The Book of Mormon contains the teachings of three great heretics or Anti-Christs. The most famous of these is probably Korihor, the Anti-Christ who confronted the prophet Alma. Here is a quick recap of the story. Korihor taught that there was no need for Atonement, there was no God and that whatever a man did was no crime. He debated Alma and demanded a sign of God’s existence. As a sign from God he was struck dumb. When Korihor was struck dumb he admitted that he had always known there was a God and asked to be healed, but was denied this request. He ended his life pitifully, trampled down among a merciless crowd.
The Book of Mormon presumably includes these stories and teachings so that we may recognize these same false doctrines today. It serves as a warning. So it is important to understand exactly what false doctrine is being taught. Obviously, Korihor taught that there was no God and we usually focus on this in Sunday school. But this is not the only thing he taught. There are many atheists who are also humanists, care about others and live moral lives. But Korihor was not this kind of atheist. His teachings encouraged an immoral way of living. He had five basic teachings. (Alma 30:17)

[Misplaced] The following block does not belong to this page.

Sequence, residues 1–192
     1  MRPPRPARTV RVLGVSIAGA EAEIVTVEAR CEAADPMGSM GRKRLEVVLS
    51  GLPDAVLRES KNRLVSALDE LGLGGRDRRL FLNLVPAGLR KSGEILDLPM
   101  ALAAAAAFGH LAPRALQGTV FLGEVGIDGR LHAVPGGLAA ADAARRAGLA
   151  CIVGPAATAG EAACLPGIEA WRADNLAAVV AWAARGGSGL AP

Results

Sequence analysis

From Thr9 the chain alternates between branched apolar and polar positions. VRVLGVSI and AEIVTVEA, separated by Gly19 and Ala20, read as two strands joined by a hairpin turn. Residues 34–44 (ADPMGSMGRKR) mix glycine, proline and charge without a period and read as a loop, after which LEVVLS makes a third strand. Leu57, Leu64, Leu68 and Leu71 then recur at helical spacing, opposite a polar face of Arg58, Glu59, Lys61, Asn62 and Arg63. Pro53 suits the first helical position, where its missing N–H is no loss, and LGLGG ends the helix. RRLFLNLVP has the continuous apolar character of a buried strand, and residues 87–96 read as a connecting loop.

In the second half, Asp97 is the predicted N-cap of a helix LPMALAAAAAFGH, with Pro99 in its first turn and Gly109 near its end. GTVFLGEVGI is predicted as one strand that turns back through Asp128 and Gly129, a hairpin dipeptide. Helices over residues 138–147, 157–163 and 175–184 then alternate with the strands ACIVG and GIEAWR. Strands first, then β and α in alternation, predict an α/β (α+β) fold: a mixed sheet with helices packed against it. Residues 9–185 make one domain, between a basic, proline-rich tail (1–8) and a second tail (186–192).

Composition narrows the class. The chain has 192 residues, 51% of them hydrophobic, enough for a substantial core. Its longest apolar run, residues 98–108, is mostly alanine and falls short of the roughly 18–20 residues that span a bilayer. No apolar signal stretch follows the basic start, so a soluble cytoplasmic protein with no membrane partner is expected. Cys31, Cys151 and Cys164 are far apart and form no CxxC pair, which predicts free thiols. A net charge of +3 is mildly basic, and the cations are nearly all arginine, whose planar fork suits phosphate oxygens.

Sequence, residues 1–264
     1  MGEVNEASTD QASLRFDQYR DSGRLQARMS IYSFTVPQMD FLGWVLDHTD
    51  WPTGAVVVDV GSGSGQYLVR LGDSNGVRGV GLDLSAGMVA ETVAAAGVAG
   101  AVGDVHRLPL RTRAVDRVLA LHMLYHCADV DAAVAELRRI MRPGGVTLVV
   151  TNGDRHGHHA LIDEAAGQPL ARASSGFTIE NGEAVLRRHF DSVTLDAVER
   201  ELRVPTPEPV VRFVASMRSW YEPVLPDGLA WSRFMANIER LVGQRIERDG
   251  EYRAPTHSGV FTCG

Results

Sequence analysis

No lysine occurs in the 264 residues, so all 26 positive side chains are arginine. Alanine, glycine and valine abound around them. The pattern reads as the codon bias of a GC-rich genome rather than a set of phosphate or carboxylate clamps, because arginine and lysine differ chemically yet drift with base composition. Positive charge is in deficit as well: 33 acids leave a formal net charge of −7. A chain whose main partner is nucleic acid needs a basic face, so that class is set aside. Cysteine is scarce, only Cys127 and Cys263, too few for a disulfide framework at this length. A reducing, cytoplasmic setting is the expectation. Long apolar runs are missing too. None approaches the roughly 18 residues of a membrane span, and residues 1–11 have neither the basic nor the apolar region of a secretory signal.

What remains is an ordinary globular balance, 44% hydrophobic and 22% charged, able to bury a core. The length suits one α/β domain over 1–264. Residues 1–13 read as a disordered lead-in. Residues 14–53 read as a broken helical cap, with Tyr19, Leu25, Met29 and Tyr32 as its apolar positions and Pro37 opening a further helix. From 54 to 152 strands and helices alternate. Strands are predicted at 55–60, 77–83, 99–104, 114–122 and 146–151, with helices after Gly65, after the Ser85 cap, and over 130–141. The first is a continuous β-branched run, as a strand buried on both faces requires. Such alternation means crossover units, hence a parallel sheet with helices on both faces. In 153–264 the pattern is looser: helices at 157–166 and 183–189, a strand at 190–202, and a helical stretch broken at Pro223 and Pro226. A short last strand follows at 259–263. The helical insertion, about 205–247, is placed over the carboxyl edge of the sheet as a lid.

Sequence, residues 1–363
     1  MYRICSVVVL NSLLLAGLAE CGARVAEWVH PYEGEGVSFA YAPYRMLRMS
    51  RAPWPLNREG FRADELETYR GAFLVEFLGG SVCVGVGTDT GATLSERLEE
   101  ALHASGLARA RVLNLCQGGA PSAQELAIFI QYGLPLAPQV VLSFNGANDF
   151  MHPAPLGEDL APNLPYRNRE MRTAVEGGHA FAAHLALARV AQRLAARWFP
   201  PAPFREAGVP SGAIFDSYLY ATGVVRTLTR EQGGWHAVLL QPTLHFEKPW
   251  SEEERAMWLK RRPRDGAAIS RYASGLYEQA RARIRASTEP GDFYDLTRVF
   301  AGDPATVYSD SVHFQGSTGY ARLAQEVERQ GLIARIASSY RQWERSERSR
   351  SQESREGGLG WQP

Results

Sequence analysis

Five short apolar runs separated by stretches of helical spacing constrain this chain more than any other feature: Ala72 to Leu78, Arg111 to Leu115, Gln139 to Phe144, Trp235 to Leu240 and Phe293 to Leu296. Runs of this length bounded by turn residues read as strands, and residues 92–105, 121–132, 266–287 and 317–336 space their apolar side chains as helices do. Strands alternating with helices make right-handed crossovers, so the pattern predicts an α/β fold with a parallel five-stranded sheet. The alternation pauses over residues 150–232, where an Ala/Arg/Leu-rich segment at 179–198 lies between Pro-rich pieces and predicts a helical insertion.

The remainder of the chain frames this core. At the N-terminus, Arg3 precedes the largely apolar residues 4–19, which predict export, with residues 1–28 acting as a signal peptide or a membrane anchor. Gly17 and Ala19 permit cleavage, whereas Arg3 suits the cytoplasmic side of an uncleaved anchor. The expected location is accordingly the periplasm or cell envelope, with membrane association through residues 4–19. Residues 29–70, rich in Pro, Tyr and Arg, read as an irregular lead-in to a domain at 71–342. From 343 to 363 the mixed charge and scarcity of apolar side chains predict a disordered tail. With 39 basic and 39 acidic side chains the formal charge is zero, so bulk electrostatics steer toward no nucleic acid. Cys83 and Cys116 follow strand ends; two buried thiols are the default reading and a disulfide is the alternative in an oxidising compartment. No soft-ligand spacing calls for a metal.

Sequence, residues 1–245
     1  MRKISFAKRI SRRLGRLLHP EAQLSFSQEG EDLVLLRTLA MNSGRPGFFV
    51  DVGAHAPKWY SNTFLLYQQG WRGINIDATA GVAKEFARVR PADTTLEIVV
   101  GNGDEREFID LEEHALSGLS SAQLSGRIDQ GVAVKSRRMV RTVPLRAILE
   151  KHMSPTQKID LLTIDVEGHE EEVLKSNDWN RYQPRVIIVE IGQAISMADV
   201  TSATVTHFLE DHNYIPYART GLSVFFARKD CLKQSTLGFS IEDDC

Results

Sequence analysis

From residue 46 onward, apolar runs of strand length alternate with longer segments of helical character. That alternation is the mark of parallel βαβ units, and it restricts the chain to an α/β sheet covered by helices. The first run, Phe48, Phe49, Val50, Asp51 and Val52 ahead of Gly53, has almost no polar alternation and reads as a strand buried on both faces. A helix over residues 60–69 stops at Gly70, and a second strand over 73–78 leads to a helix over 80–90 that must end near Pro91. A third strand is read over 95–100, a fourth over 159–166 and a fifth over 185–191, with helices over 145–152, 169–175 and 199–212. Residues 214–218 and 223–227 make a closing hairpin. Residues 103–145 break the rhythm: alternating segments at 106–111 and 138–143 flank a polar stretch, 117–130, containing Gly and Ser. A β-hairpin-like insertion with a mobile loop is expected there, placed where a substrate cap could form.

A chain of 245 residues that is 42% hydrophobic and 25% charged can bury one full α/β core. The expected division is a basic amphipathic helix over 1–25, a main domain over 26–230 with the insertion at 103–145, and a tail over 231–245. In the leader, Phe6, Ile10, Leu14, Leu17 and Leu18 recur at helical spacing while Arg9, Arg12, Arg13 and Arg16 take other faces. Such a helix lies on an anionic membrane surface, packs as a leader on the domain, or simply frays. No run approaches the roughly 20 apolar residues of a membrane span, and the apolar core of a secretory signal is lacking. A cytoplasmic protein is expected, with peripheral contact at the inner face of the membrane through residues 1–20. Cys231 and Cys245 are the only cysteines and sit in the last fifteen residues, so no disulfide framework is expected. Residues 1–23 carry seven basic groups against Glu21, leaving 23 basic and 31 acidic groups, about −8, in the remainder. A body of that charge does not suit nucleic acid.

1. “There could be no atonement made for the sins of men”
2. “Every man fared in this life according to the management of the creature”
3. “Every man prospered according to his genius”
4. “Every man conquered according to his strength”
5. “Whatsoever a man did was no crime”
In Korihor’s own view we don’t need God. We don’t need atonement for our sins because nothing we do is sinful. The supreme authority is one’s self. The only thing we have to do is climb our way to the top using our abilities, intelligence and strength.
This reminds me of a more modern philosophy called Social Darwinism. Social Darwinism is a philosophy that justifies and exalts the pursuit of wealth without regard to compassion or responsibility for others on the grounds that the cutthroat business world promotes the “survival of the fittest.” This philosophy is often placed historically in the late nineteenth century but similar ideas are alive and well today. The English philosopher Herbert Spencer saw natural selection, or in his words “survival of the fittest”, working in nature and concluded that this was not only the way things work in nature, but the way they should work in all areas of life, including economics.
In Spencer’s view, predatory instincts served to "exterminate such sections of mankind as stand in the way, with the same sternness that they exterminate beasts of prey and herds of useless animals." Spencer became wildly popular among the elite industrial tycoons of America. People like to think that their way of life is moral and correct and Social Darwinism not only justified harsh business practices, it encouraged and glorified them. In response to the sympathetic feelings we might have toward those less fortunate Spencer tried to put our minds at ease: